Europe's horse meat scandal hit global food
products giant Nestle Tuesday, as the company said it would withdraw
some of its pasta dishes from the Spanish and Italian markets.
In recent weeks, a range of food products labelled beef have been found to contain horse meat in a dozen European countries, unsettling consumers and revealing complex and often opaque supply chains.
On Tuesday, Swiss-based Nestle said it was withdrawing some chilled pasta products because its tests had found traces of horse DNA in dishes made with meat supplied by a German company.
"We are now suspending deliveries of all our finished products produced using beef supplied by a German firm, HJ Schypke, a subcontractor of one of our suppliers, JBS Toledo NV," it said.
"Our tests have found traces of horse DNA in two products made from beef supplied by HJ Schypke," said a Nestle statement.
The meals being pulled off shelves were beef ravioli and beef tortellini, sold in Italy and Spain under the Buitoni brand, and Lasagnes a la Bolognaise Gourmandes, made for catering businesses in France.
Following the announcement, the Italian Health Ministry sent food safety police to Nestle Italia's headquarters in Milan and to its plant in northern Italy to check whether the correct procedures regarding food traceability had been followed.
Nestle told Portuguese media that lasagne served in hotels and restaurants there would also be withdrawn. They do not present a health risk, Nestle spokesman Antonio Carvalho told the news agency Lusa.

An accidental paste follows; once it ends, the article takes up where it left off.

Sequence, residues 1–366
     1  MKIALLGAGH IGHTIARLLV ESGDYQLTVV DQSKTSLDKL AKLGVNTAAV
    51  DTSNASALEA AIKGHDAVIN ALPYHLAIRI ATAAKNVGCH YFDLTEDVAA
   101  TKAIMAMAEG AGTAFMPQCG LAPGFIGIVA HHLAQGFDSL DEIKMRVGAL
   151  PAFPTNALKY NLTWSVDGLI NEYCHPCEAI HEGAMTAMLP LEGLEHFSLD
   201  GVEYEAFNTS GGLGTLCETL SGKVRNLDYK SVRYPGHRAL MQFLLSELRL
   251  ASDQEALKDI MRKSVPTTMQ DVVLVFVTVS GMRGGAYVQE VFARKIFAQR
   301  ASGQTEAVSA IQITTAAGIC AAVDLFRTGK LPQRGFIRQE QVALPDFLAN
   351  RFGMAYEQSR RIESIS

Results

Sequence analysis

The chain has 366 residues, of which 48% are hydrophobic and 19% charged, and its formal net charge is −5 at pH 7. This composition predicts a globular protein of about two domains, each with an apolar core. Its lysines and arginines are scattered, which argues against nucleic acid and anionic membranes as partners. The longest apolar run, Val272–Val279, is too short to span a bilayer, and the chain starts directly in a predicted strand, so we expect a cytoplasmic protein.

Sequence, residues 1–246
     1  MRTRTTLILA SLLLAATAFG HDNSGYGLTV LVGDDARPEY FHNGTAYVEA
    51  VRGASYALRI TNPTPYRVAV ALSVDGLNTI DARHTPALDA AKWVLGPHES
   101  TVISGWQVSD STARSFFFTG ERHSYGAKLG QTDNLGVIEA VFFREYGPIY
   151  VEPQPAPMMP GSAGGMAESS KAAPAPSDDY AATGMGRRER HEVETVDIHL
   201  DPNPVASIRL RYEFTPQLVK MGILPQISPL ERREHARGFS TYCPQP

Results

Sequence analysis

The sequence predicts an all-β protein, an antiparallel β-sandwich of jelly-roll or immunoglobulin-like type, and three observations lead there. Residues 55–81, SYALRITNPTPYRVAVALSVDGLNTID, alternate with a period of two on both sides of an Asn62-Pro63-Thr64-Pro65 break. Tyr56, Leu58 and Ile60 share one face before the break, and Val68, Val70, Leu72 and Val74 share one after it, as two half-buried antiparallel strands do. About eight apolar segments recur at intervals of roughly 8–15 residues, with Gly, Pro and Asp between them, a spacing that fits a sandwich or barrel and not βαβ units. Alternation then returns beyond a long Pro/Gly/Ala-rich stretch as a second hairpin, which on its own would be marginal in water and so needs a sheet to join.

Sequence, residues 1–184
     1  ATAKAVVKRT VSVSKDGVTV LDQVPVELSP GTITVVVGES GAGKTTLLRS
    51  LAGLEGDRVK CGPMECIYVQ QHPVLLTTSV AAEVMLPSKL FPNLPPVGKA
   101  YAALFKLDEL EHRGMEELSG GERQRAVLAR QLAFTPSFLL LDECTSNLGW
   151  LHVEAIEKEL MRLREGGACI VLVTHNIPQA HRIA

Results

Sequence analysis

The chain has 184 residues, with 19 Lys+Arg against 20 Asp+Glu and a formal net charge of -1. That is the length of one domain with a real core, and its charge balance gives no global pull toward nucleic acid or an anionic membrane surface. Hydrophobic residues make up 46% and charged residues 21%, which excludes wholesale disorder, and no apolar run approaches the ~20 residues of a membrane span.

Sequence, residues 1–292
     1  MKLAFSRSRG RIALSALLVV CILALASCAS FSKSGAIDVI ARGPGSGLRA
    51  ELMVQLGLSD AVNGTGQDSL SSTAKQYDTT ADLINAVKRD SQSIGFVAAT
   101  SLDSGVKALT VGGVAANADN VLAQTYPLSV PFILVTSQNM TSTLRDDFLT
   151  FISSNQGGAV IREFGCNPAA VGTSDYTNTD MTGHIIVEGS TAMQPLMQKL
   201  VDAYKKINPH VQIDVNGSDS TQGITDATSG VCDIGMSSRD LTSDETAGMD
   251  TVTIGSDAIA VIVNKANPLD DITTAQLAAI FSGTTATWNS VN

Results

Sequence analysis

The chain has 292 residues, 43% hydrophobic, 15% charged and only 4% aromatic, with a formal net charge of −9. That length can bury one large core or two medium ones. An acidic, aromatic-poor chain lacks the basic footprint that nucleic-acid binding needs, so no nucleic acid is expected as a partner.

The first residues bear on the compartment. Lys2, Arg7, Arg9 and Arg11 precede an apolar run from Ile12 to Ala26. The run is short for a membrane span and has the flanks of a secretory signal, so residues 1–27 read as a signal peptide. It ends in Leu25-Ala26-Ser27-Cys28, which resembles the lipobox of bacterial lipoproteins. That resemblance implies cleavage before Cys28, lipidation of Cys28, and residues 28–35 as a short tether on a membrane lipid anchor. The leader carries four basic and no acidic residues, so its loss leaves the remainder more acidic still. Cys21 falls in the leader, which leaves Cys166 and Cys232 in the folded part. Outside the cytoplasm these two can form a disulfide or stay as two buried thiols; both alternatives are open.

The company in Geneva stressed that "there is no food safety issue, but the mislabeling of products means they fail to meet the very high standards consumers expect from us."
Nestle apologized to consumers and said that the affected chilled products would be replaced with products confirmed by DNA testing to be made from 100-per-cent beef.
Also Tuesday, the Swiss arm of discount supermarket chain Lidl said it was withdrawing some products found to contain horse meat.
Lidl Switzerland said it had pulled combino penne bolognese, produced by the company Copack, and coquette ravioli bolognese, made by the firm William Saurin.
The horse meat scandal has spread to many corners of Europe. In Germany alone, it has been detected 24 times.
More cases would likely surface, said German Consumer Protection Minister Ilse Aigner, who added that the horses had probably been legally slaughtered and the meat "re-labelled somewhere along the way."
The Greens' state consumer protection minister in North-Rhine Westphalia, Johannes Remmel, demanded meat labelling rules be tightened under the Christian Democratic Union (CDU) government.
Remmel said several reform initiatives had been launched in the past, "but they always failed because of the intervention of Mrs Aigner, the federal government and the CDU in parliament."
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